12-  Some of the signs that you may possibly be having a stroke are:

a.       Sudden headache, more common with sub arachnoid  hemorrhage.

b.      Speech difficulty.

c.       Difficulty understanding speech

d.      Dizziness, called Vertigo.

e.       T.I.As- Transient Ischemic (lack of O2) Attacks. Vessel spasms. A very important sign that is a Warning that stroke may be imminent. Get treatment immediately to prevent an actual CVA.

This intermittent dizziness comes and goes. It is a warning that the environment in your vessels is not perfect and should be checked by your Physician.

f.        Your Physician will listen to your carotid arteries on each side of your neck to listen for bruit sounds which signal narrowing or stenosis of the vessels, and may indicate surgery, or other treatments.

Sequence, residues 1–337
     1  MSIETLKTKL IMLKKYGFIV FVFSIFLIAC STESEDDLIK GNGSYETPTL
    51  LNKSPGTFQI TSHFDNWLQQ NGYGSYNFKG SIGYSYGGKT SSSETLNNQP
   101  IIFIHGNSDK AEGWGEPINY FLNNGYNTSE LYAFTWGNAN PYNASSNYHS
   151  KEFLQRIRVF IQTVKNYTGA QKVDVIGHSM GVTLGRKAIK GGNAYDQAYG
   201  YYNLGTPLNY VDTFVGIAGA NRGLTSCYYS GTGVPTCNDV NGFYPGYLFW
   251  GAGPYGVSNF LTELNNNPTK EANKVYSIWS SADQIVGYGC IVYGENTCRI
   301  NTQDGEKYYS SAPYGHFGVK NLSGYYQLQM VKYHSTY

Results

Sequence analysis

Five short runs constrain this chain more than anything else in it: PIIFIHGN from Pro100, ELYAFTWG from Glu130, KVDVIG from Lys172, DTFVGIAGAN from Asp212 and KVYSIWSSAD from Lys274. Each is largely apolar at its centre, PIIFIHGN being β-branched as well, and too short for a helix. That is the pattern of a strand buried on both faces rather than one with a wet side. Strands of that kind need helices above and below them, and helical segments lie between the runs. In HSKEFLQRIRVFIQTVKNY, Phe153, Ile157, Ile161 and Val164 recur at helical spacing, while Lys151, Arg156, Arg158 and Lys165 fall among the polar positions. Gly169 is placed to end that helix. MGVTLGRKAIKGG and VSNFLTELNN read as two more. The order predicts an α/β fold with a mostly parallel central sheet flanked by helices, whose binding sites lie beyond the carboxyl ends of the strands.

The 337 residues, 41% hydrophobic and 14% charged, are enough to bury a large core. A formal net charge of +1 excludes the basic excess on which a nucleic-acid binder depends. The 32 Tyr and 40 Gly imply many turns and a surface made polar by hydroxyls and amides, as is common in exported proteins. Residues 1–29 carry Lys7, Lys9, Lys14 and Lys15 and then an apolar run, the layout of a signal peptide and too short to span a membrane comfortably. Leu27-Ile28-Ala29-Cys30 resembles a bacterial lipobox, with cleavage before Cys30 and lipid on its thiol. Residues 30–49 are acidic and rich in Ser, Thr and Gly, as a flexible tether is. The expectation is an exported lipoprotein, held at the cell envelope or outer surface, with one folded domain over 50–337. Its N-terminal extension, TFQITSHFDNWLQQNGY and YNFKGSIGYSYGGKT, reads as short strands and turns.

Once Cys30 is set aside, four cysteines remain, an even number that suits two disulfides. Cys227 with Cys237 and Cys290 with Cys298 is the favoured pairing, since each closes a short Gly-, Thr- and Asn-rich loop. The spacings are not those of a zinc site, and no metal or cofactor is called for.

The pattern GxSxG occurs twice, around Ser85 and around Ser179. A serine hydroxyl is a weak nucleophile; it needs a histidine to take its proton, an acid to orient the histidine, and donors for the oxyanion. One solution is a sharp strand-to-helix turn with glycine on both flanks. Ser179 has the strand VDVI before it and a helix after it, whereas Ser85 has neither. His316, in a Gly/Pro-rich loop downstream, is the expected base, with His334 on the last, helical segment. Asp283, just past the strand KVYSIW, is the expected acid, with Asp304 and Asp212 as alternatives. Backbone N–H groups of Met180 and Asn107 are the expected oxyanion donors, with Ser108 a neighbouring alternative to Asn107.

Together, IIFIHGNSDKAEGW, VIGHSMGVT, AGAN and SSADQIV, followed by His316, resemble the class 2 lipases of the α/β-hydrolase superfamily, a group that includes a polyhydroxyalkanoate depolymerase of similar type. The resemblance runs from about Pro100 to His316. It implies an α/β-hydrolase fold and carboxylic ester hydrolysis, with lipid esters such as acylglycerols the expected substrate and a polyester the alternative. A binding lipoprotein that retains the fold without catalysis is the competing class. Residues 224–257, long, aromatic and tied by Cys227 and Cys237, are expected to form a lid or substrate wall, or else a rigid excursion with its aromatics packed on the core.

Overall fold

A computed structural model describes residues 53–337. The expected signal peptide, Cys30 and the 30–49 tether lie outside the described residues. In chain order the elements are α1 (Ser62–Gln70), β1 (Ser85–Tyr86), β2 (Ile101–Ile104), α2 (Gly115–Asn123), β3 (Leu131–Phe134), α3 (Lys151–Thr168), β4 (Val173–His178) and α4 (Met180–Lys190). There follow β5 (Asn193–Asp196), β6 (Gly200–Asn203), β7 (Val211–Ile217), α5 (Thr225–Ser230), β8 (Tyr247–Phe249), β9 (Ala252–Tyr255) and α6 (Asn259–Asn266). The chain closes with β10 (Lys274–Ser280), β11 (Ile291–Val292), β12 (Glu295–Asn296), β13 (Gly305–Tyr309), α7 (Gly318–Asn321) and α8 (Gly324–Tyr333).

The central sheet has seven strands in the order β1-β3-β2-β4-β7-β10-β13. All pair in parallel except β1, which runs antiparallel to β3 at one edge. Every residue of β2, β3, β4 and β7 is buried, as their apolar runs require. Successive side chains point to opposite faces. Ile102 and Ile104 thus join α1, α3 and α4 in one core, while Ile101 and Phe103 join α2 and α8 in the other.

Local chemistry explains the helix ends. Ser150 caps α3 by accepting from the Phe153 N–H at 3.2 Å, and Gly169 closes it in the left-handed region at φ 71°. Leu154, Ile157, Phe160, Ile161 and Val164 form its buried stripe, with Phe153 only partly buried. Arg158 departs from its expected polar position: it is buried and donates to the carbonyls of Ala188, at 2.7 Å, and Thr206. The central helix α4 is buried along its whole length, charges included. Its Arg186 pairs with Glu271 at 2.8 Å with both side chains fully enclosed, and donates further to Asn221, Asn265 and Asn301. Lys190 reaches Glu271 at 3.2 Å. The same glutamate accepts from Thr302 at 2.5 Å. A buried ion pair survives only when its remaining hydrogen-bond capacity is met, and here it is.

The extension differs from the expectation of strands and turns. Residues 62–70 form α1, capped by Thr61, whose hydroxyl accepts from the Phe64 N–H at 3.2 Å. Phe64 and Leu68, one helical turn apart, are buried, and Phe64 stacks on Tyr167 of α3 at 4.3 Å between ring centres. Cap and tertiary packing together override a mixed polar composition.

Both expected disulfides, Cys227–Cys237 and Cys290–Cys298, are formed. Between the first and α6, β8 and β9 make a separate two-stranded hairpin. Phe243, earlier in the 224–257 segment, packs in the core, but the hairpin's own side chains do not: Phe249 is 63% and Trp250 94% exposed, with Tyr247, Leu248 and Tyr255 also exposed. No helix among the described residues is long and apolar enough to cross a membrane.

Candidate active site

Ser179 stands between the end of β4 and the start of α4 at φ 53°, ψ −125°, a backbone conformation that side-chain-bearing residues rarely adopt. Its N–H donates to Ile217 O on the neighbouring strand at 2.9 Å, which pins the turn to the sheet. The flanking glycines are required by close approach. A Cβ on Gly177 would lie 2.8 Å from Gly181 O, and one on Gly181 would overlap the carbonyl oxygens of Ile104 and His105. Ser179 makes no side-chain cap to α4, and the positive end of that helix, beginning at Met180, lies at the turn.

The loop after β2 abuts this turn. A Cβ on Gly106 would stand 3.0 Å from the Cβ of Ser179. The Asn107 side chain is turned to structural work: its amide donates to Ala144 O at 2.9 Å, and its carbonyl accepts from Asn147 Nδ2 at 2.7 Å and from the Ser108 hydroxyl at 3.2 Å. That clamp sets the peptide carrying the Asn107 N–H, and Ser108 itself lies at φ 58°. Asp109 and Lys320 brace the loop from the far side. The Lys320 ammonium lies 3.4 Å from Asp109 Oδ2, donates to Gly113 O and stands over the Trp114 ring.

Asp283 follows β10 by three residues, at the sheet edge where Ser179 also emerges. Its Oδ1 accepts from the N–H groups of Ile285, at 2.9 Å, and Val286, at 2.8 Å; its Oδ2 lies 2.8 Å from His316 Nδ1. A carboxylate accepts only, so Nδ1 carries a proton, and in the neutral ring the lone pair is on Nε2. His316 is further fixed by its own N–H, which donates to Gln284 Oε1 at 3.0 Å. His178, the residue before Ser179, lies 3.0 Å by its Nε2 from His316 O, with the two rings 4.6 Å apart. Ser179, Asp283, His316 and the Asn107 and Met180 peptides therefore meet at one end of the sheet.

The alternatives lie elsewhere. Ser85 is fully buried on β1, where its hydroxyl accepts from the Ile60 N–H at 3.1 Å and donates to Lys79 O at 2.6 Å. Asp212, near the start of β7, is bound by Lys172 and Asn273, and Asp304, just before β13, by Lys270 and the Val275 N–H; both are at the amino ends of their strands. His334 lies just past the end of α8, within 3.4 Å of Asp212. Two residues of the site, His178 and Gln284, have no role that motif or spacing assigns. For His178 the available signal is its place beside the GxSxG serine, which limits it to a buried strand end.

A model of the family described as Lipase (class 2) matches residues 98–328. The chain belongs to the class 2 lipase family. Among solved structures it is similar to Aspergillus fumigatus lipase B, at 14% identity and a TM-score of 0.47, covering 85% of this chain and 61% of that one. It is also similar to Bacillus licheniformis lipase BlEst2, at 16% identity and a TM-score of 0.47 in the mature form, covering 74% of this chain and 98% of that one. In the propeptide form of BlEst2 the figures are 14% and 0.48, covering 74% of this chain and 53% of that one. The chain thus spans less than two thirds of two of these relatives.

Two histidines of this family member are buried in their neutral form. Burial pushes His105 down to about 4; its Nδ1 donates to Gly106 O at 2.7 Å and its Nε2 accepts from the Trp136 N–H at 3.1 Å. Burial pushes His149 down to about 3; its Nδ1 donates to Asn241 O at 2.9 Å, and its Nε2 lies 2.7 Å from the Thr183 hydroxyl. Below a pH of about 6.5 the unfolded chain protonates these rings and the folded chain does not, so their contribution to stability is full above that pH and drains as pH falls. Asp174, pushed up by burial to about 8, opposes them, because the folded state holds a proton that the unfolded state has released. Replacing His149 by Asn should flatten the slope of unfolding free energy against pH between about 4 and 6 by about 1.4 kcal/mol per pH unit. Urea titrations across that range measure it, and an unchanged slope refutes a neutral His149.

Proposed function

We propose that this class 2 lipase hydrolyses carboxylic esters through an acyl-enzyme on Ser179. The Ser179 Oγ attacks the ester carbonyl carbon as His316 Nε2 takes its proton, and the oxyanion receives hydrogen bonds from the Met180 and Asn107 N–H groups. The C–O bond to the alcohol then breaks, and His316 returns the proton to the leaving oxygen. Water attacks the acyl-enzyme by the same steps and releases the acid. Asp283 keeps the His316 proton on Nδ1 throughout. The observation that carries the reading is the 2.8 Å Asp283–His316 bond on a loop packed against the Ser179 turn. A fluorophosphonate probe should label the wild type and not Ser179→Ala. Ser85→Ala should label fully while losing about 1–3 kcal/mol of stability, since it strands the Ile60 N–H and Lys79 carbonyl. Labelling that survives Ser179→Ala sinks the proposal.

The causes of these issues are multiple:

                                                              i.      Inflammation and viscosity of your blood may be a factor. Your blood pressure may be too high, reflecting narrowing of your blood vessels, or you may have damage from smoking, which causes severe inflammation to the lining (endothelium) of your blood vessels, and causes thickening of the walls, thereby narrowing the lumen or width of the vessels for the passage of normal blood flow.

                                                            ii.       The blood vessel narrowing can also be due to plaque formation, called atherosclerosis, or fat and platelets and other debris build-up which narrows the vessels and they become too narrow to let a normal amount of blood through

g.      Numbness, tingling.

h.      Slurred speech.